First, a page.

Explain KSCP – emphasize the connection between research and practice. Talk about how we get requests for help from all over the Appalachian/Southern region.
Explain how public policy makes a big impact by changing systems for a whole community.
Talk about how having a healthy community = physical health, business development, and the economic bottom line
findings from a recent study indicate that cigarette consumption is associated with increased “food insecurity” – not always being able to put enough food on the table. According to researchers, low-income families who were food insecure were more likely to have a head of household or spouse who smoked cigarettes than low-income families who were food secure (43.6% vs. 31.9%, respectively). On average, low-income families with an adult smoker spent almost $34 per week on cigarettes (assuming an average price of $3.37 per pack). The extent to which cigarettes are substituted for food in low-income families negatively impacts the household’s food security.
Note that while we’re making progress, there is a clear work to be done in the Appalachian region
Explain that while I’m not going to talk about all the details, this is just one example of the intricacies of policy change – and all of these need to be funded and someone has to coordinate, etc.
Describe the elements of policy change and how they are constantly changing
Explain how it’s a windy road – things go right, things go wrong – but the work isn’t done! Funders like you can help greatly influence the health of your local communities by supporting public health interventions and policy changes like the ones we’ve discussed here.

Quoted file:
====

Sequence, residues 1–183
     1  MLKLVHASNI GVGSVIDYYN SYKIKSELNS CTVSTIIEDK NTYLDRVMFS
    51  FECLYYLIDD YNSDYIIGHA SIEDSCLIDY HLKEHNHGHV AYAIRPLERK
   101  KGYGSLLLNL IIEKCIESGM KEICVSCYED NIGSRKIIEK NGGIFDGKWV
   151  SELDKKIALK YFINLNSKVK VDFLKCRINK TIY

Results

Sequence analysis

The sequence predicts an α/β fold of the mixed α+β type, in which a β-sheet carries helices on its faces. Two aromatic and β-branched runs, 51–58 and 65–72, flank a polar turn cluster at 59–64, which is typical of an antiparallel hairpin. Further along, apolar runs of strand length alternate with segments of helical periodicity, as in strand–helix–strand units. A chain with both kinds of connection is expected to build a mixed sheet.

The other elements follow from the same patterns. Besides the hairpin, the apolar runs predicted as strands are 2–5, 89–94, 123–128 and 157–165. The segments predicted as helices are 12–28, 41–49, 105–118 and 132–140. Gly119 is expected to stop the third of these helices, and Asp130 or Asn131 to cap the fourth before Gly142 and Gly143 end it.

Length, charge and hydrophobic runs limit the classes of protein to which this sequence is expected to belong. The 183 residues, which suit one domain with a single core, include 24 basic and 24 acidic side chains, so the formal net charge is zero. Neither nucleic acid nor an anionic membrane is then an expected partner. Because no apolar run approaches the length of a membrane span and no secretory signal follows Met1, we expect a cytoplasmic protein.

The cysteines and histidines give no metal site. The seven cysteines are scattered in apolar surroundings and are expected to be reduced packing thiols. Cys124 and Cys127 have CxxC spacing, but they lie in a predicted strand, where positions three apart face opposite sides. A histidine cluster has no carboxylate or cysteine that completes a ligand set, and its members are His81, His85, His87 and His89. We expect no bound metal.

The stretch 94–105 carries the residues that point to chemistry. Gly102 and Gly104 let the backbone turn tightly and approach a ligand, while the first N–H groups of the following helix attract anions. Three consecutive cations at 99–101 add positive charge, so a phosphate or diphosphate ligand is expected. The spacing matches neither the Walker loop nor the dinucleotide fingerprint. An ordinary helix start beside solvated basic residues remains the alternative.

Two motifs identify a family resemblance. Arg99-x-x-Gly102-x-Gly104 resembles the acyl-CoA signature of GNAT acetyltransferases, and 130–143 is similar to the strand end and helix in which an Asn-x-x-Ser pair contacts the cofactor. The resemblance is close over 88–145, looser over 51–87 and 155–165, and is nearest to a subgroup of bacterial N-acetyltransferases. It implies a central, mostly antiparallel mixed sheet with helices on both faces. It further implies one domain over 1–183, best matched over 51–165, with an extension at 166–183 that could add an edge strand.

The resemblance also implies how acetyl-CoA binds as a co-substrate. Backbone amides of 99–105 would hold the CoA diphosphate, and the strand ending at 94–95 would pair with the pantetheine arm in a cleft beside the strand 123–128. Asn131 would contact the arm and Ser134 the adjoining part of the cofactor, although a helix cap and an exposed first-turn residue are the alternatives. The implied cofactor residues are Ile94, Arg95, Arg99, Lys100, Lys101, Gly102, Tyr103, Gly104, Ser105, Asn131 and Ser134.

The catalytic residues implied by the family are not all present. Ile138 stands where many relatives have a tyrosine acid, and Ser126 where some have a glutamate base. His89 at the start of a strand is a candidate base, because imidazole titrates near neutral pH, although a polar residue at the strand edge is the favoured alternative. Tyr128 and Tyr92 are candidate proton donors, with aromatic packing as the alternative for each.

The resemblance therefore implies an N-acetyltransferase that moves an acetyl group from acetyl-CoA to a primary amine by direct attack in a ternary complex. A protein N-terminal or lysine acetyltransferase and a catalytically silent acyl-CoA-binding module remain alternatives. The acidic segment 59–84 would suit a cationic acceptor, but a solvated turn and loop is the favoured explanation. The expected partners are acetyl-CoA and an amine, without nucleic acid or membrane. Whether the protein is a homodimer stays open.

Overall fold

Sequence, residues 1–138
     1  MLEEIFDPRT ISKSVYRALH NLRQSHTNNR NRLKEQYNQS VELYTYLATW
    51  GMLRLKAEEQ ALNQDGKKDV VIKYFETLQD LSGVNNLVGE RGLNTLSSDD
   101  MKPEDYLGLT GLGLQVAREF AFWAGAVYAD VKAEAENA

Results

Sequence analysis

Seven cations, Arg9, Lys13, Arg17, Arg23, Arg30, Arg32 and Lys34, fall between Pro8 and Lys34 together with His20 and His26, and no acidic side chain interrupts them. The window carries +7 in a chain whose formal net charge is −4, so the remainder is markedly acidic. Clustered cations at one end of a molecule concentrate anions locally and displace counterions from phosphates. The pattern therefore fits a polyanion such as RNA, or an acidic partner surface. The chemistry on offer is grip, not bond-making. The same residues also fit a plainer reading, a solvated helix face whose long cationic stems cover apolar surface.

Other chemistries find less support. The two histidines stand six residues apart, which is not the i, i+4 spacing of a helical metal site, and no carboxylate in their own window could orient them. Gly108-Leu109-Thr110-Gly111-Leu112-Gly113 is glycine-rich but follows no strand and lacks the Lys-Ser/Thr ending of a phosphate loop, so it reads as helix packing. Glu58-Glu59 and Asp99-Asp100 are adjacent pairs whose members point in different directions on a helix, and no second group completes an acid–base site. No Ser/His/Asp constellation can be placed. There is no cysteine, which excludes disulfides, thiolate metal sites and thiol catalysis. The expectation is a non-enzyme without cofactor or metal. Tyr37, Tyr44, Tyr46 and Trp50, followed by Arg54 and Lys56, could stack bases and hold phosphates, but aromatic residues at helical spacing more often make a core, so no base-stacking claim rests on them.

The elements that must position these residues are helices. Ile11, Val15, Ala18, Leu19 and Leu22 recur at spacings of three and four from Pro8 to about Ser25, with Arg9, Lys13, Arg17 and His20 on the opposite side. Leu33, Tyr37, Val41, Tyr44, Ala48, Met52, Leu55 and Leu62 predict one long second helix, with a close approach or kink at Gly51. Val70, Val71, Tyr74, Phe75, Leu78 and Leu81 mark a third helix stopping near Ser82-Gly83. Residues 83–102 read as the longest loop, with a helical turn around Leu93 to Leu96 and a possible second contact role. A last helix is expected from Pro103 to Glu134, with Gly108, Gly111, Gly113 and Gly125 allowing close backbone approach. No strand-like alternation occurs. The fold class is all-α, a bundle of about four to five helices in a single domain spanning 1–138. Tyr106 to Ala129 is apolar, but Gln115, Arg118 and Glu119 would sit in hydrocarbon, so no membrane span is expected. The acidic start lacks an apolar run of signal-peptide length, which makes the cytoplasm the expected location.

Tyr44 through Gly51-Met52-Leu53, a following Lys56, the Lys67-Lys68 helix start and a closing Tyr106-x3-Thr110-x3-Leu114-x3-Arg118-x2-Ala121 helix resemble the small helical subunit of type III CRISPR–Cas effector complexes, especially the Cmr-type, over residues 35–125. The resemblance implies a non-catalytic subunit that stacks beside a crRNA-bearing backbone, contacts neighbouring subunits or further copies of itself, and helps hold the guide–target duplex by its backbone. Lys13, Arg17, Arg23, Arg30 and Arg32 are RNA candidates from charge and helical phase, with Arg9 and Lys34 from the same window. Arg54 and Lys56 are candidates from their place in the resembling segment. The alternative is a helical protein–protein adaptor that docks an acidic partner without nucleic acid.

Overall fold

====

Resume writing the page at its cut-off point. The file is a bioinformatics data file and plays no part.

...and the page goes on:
Gathering 2011 Breakout Session - Health - A Joint Venture to Improve the Health of the Appalachian Region - Sarah Kercsmar of KY Center for Smoke-free Policy
A Joint Venture to Improve the Health of the Appalachian Region<br />Sarah E. Kercsmar, PhD<br />Co-Director, Kentucky Center for Smoke-free Policy<br />University of KentuckyCollege of Nursing<br />June 7, 2011<br />
As public health professionals…<br />We have the passion to make the world healthier and the expertise to make it happen.<br /> We are used to trying to accomplish a lot with scarce resources.<br /><ul><li>But, we can’t do it alone! So, to quote Uncle Sam,</li></ul>WE NEED YOU!<br />
As funders….<br />You have the resources to fund a limited number of projects.<br />Everyone thinks THEY have the best idea for you to fund.<br />You want to make the biggest impact in a community that you can. <br />
Healthy Communities Approach<br />“When a healthy community initiative is undertaken, a communal spirit develops, linking public, private, and nonprofit sectors to address the underlying causes of poor health. Healthy community participants represent the wide spectrum of interests and roles that make a community work. Focusing on systems change, the Healthy Communities Approach seeks to build broad participation, encourage new players, honor diversity, create a shared vision and values, and build true collaborations that utilize the assets and resources of the community. Integral to this approach are the measurement of results and the establishment of benchmarks for progress.” <br />